Sophia shook her head regretfully. She longed to play again and try to get back that
money. It was what so often led her into trouble, the obsessive thought that with
the next hand her luck would surely turn. Equally bitter was the thought that now
she would lose Dominic’s company. She had never enjoyed losing at cards so much as
But she had nothing left to wager. She wore her grandmother’s diamond and onyx earrings,
necklace, and hair clips to go with her black satin gown, and her mother would definitely
notice if they were gone.
“I’m done for the evening, sir,” she said. “But I confess I’ve never enjoyed losing
quite so much. It’s no wonder your club is so successful.”
His head tilted slightly as he studied her, his green eyes growing darker. “And how
do you know I own this club?”
Sophia smiled and leaned closer to him, resting her arms on the table as she reached
out to smooth one fingertip over a lost card. Oh, yes—he did bring out a spirit of
the devil in her. “Oh, I know a great deal about you.”
“That’s hardly fair, is it?” he said, laughter lurking in his voice. Laughter and
something darker, something she couldn’t read. “I know nothing about you, except that
you are a fierce opponent at the card table.”
His fingers slid over her hand. It was a light touch, teasing, testing, his skin cool
through her lace gloves. But Sophia felt as if fire had just licked along her arm,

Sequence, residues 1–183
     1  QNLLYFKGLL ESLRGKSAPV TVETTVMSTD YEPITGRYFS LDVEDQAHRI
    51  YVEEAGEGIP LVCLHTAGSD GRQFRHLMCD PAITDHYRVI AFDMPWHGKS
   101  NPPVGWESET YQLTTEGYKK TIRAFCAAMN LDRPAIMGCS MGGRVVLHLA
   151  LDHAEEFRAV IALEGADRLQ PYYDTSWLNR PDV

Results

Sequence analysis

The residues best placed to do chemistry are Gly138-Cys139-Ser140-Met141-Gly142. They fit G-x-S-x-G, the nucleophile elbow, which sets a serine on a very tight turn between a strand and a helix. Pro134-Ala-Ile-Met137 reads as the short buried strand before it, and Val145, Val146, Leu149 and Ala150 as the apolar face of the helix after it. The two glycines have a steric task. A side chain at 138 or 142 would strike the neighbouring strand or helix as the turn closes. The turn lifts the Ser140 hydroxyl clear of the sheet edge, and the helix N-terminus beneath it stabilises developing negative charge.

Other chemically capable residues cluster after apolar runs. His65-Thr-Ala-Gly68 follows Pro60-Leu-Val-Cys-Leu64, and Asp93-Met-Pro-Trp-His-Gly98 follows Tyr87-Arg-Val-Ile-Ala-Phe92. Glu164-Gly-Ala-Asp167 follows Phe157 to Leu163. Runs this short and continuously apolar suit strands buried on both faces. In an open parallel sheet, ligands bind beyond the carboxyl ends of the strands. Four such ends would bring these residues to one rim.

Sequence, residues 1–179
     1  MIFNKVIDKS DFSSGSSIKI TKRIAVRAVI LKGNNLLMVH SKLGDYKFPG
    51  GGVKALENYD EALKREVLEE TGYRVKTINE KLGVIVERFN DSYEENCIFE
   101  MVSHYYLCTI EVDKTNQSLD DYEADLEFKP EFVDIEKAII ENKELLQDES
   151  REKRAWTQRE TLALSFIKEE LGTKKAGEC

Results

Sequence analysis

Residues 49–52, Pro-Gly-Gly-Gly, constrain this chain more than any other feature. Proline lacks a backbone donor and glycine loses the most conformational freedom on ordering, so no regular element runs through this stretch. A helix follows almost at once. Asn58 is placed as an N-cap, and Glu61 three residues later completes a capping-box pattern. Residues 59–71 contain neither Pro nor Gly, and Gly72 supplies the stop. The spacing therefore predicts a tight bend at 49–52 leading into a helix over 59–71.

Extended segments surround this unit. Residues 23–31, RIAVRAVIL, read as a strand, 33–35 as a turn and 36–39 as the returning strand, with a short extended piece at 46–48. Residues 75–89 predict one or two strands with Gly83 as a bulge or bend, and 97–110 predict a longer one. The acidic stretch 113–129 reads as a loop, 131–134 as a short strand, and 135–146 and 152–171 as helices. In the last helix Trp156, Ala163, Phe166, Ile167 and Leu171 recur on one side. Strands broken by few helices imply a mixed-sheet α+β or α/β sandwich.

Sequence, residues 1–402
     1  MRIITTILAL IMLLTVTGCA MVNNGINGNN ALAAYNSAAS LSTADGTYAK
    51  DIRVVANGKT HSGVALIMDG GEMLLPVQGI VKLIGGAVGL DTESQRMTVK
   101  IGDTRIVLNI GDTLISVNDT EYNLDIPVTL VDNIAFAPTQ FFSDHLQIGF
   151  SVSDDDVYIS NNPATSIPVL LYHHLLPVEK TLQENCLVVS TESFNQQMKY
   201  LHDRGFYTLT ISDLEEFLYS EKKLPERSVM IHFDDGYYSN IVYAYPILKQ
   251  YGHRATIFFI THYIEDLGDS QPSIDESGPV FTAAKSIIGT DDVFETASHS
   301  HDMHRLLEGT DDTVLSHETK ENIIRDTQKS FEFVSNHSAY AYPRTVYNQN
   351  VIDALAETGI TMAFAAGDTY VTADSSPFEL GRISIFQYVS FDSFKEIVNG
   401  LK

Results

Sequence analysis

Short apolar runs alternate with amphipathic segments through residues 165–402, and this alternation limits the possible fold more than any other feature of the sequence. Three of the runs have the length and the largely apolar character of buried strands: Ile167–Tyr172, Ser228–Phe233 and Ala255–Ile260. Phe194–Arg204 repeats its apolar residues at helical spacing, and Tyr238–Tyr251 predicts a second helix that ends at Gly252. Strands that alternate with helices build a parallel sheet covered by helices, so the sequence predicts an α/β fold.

burning and shocking. She had to force herself to stay still and not jerk away and
run screaming from the salon. She had never felt anything like it. It was almost—frightening.
She touched the tip of her tongue to her dry lips as his hand slid away. “Wh—what
do you want to know?”
He suddenly frowned, as if a shadow passed over his face. “Everything.”
Something seemed to sizzle in the air between them. Sophia couldn’t look away from
him. The game, which had started out so light and fun, such a dare, had become something
much more. It had become something she didn’t understand at all.
She had wanted to see Dominic St. Claire tonight. Something had driven her to seek
him out after she saw him and felt so strangely drawn to him at the park. But now—now
she felt afraid of what he awoke in her.
And Sophia was never afraid.
“Come with me,” Dominic said. He rose to his feet, his gilded chair scraping back
over the parquet floor, and took her hand in his. His smooth, polished, charming manners
suddenly took on a raw edge, and it was as if she
was glimpsing the feral power under his poetical beauty. And it made her even more
Yet she couldn’t pull her hand away. She couldn’t turn and run as she longed to. Something
in her bound her to his touch. He was so very different from everything she had ever
known, every convention her parents pushed onto her, every safe suitor and narrow
expectation. Something in him called out to the secret darkness within her that always
brought her to places like the Devil’s Fancy, to card tables and deep play.
Something in him was the same as her. She had that terrible certainty as she looked
up into his forest-green eyes. And she let him take her hand and lead her through
the crowded salon.
The hour grew late, and champagne had been flowing freely, driving the laughter louder
and louder. Ladies leaned on their escorts’ shoulders as they watched the roulette
wheel spin wildly, and she could hear music from the ballroom. But it was nothing